Power Query M Primer (part 3):
Functions: Function Values, Passing, Returning, Defining Inline, Recursion

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Not only can you define and invoke functions (as we covered in part 2), you can also pass them around. The ability to pass a function around without invoking it gives lots of flexibility.

Sounds complex? Yes, in words, but not necessarily in practice. If you’ve touched the Power Query M language, you’ve probably already passed functions around—just perhaps without realizing about it.

Then there’s the mysterious each. It shows up a lot in code generated by the query editor. What does it actually mean or do? Turns out, it’s a handy shortcut that can simplify code you write.

We have ground to cover. Let’s get going!

Series Index

Function Values

In part 2, we described a function as “an expression that ultimately produces a value.” This is accurate, but there’s more to the story: there’s an intermediate step in the process. Technically, a function expression is evaluated to something called a function value, which can be stored in variables and passed into and returned from other functions. Invoking the function value executes the function’s body which produces the ultimate function return value.

You could think of it this way: The function expression is code you write. The function value is the technical manifestation of the function expression you wrote. The function return value is the output of executing the function you wrote.

  Multiply = (x, y) => x * y,
  Result = Multiply(10, 20)

Above, the function expression (x, y) => x * y is evaluated to a function value which is assigned to variable Multiply. When this function value is invoked on the next line (Multiply(10, 20)), the functions body is executed and the value it produces is returned. This value is then assigned to Result.

Whew! That sounds complex. The example is a lot simpler than the words it took to describe it!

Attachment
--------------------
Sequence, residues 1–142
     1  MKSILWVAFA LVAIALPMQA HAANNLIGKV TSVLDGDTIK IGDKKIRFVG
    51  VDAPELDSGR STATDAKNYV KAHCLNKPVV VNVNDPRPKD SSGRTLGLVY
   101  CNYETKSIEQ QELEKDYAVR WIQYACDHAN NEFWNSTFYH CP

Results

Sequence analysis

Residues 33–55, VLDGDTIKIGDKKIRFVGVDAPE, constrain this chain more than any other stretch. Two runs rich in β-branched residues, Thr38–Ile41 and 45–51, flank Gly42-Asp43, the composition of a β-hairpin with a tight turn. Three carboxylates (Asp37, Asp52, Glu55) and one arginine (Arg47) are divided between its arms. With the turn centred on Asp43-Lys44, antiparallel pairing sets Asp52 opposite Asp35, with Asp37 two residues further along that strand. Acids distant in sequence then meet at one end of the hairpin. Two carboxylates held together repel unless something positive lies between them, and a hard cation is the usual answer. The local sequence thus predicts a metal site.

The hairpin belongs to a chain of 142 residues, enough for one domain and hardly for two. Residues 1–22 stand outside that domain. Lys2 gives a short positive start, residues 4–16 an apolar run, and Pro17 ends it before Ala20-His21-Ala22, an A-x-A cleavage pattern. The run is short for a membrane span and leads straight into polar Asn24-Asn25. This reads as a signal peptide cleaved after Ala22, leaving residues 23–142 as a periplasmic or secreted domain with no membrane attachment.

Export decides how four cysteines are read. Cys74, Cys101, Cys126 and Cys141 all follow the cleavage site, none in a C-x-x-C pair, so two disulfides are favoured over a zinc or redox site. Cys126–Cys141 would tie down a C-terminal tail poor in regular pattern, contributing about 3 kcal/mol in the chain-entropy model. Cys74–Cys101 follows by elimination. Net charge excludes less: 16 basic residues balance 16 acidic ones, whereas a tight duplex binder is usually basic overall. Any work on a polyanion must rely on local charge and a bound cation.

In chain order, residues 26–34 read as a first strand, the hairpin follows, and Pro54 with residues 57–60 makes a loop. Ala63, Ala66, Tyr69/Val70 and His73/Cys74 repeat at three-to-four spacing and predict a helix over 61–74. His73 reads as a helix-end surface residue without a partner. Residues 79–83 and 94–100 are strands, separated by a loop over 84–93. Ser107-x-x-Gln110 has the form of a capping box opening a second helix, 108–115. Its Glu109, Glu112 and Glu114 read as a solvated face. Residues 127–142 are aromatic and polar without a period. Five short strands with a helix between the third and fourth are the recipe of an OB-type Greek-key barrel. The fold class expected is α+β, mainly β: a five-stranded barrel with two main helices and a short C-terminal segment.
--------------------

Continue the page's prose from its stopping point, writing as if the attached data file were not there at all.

Speaking of simplicity: To keep things simple, we usually omit the word “value” when talking about “function values.” When a function expects a function value as one of its parameters, we’ll usually just say that that parameter is “supposed to be a function” instead of saying “supposed to be a function value” even though the latter is really what is expected. The same goes when we talk about “passing functions around.” We’re technically “passing function values around,” but we usually take the shortcut of leaving the word “values” off.

Passing Functions

The ability to pass a function into another function is powerful. The other function can implement a generic algorithm that’s widely applicable then use the function passed into it to custom its behavior so that it’s relevant to our particular situation.

Take, for example, the idea of adding a new column to a table. Table.AddColumn implements the generic formula which makes this possible. However, we want to customize Table.AddColumn’s behavior so that we can control the values used for the new column. To enable us to do this, Table.AddColumn allows us to pass it a function as a parameter. It then invokes this function once per table row, passing the passed-in function the current row as its argument and then using the value it returns as the value for the new column for the current row.

  Source = #table( {"Col1", "Col2"}, { {1, 2}, {3, 4} } ),
  ColumnCreator = (row) => row[Col1] + row[Col2],
  AddColumn = Table.AddColumn(Source, "RowTotal", ColumnCreator)

Table.AddColumn handles the heavy lifting of adding a new column (the generic algorithm). We customize its behavior through the function we provide which is invoked on an as-needed basis (in this case, once per row). We don’t have to write a function that handles all the responsibilities associated with adding a new column, just a simple function that takes a single row and produces a single value. Powerful, eh? Makes our lives much easier.

In some other languages, a similar effect can be achieved using delegates or function pointers.

Inline Definition

Since a function is an expression and expressions are allowed in parameter lists, we can define functions inline, directly in a parameter list.

Below, the new column function is defined in the argument list instead of first being assigned to a variable. As far as Table.AddColumn is concerned, the effect is the same as the previous example.

  Source = #table( {"Col1", "Col2"}, { {1, 2}, {3, 4} } ),
  AddColumn = Table.AddColumn(Source, "RowTotal", (row) => row[Col1] + row[Col2])

Shortcuts: each & _

In life, each person is special. In Power Query M, each is also special—because it simplifies a common M code pattern.

Defining a function that accepts a single argument is such a common need in Power Query M that the language defines a shortcut to simplify it: Keyword each is shorthand for (_) =>.